Louisiana Waterthrush, Seiurus motacilla, offs...
Louisiana Waterthrush, Seiurus motacilla, offset printing after painting (watercolor or acrylic?). Altered from original in plate. (Photo credit: Wikipedia)

I don’t have time to think and write this morning. We have company coming and the warning sirens of Dresden before the bombers blare shrilly from the roof tops. And yet…

I stepped out the back door to shake out the dog’s bedding, and stopped to listen:

The robin-like warble of the several scarlet tanagers who defend territories with benign melodies of possession; the Louisiana Waterthrush, who come early and stay late along the waterways and road, singing Sweet! Sweet! Chalybeate!; and for the first time this morning (though if I’d been listening, they’ve been around) the Indigo Buntings sing their couplets from the tallest trees–the dead snags of Hemlocks stark and skeletal over behind the barn.

The lull was brief, and there will not be much time for reverie because we are under siege. Some of us are. Others still try to make their peace with the order of things, and bird song, an offering accepted towards that end.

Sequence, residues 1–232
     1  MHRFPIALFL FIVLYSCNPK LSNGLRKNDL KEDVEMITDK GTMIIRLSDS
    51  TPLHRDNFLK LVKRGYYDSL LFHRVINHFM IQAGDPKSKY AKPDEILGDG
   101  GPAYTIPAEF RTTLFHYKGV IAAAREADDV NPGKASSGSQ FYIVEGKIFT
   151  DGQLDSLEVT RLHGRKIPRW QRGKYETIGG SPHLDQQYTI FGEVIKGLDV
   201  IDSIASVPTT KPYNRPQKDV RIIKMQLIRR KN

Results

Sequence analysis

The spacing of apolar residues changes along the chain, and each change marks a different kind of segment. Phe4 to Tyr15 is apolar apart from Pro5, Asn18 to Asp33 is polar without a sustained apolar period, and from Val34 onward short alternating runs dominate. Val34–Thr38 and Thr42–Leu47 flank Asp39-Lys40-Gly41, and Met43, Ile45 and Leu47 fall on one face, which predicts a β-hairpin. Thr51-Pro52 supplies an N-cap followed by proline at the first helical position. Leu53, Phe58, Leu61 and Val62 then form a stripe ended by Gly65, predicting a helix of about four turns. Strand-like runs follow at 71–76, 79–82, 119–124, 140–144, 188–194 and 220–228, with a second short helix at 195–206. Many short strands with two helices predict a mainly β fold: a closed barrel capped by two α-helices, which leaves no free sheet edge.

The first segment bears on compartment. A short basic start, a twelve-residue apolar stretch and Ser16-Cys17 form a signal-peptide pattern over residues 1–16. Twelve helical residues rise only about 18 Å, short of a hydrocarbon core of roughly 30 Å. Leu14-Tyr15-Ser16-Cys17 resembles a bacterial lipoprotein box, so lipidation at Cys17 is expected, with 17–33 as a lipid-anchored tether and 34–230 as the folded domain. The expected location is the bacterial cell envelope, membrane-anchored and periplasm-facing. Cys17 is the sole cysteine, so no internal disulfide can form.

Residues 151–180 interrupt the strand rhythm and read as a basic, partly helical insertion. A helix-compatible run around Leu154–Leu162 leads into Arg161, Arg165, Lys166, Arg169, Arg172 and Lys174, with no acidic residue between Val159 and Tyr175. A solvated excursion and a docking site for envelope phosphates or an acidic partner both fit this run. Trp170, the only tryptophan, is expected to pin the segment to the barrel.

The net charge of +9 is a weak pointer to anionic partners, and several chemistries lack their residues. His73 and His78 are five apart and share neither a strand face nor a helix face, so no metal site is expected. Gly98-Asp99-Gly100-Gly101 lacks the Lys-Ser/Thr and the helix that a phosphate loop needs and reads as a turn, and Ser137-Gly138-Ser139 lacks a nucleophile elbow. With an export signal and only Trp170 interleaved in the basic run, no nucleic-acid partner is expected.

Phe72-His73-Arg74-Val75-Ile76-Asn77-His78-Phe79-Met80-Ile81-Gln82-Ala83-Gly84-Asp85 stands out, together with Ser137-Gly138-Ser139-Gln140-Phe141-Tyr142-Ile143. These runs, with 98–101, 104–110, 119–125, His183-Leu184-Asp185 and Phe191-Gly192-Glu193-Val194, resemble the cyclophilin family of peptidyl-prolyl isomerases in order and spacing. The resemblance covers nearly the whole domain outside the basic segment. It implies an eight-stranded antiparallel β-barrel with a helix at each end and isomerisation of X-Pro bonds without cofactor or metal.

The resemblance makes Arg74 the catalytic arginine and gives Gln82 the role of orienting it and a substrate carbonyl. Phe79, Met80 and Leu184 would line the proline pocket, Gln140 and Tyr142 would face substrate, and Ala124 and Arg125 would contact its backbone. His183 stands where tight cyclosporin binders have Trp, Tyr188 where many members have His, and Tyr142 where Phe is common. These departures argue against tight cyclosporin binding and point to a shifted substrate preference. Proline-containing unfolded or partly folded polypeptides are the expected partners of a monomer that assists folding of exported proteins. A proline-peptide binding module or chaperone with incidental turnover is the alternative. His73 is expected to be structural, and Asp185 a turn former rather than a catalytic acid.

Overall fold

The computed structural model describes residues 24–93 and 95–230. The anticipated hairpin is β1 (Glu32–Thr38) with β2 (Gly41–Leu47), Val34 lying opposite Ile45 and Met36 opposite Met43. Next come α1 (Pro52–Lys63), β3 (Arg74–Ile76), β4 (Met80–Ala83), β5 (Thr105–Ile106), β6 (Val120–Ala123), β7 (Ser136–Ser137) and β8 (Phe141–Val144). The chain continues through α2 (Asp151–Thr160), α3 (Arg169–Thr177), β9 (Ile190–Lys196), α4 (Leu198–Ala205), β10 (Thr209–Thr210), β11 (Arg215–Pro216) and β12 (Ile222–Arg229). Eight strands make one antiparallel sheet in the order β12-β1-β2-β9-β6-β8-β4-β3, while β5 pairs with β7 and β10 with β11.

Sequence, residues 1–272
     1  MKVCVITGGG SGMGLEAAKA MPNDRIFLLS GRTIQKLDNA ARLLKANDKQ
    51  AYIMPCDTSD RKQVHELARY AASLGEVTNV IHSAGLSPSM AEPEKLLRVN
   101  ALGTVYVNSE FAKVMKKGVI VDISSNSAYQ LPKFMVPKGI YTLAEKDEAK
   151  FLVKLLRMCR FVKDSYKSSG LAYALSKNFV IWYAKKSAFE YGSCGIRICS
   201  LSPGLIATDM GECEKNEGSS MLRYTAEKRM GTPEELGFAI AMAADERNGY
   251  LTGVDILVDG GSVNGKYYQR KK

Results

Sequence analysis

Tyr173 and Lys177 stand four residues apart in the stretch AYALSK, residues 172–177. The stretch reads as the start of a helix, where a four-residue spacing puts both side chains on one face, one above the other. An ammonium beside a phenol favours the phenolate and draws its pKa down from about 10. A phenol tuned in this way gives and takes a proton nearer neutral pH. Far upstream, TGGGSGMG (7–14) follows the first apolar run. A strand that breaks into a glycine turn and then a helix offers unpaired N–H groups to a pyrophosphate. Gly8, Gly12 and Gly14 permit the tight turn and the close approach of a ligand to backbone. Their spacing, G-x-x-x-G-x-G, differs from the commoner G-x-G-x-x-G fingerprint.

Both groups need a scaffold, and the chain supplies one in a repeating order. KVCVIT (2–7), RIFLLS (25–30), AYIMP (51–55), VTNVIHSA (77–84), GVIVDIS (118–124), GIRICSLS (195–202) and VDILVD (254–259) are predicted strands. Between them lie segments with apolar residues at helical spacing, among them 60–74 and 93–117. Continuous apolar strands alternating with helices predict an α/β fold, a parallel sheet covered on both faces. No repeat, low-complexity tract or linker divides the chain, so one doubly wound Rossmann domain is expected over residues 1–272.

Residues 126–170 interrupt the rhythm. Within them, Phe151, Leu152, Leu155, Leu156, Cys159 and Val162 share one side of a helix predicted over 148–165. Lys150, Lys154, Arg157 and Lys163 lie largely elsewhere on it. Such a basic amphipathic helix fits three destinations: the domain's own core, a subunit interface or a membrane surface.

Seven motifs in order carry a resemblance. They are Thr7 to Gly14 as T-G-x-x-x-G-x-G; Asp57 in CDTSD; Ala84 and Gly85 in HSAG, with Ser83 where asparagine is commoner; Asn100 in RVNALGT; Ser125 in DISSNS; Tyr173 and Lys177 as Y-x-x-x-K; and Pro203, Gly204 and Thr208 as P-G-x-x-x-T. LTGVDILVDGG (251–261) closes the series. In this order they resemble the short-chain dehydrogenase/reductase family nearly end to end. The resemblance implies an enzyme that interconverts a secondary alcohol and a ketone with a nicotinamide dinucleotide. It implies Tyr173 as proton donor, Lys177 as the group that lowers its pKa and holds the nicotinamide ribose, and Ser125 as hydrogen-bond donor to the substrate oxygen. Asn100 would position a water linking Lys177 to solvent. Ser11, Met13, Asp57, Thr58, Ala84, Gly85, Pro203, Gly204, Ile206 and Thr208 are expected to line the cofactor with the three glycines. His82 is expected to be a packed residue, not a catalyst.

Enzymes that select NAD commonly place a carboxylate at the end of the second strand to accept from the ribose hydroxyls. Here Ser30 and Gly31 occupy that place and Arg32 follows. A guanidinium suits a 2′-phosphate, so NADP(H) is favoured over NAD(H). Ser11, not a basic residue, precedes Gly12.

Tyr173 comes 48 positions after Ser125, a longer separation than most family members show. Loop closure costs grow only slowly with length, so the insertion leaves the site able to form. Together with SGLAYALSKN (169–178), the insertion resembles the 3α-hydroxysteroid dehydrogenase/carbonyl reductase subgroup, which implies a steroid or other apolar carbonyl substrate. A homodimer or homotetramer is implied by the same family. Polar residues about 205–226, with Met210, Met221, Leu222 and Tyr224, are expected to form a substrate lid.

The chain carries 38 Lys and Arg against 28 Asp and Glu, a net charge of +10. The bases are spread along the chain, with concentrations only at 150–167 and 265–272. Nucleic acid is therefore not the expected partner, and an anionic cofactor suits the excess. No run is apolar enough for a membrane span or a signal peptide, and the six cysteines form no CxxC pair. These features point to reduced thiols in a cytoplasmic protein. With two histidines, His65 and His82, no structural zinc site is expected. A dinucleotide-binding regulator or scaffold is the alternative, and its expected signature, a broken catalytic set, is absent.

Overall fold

Right away, sir.

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Fred First holds masters degrees in Vertebrate Zoology and physical therapy, and has been a biology teacher and physical therapist by profession. He moved to southwest Virginia in 1975 and to Floyd County in 1997. He maintains a daily photo-blog, broadcasts essays on the Roanoke NPR station, and contributes regular columns for the Floyd Press and Roanoke's Star Sentinel. His two non-fiction books, Slow Road Home and his recent What We Hold in Our Hands, celebrate the riches that we possess in our families and communities, our natural bounty, social capital and Appalachian cultures old and new. He has served on the Jacksonville Center Board of Directors and is newly active in the Sustain Floyd organization. He lives in northeastern Floyd County on the headwaters of the Roanoke River.

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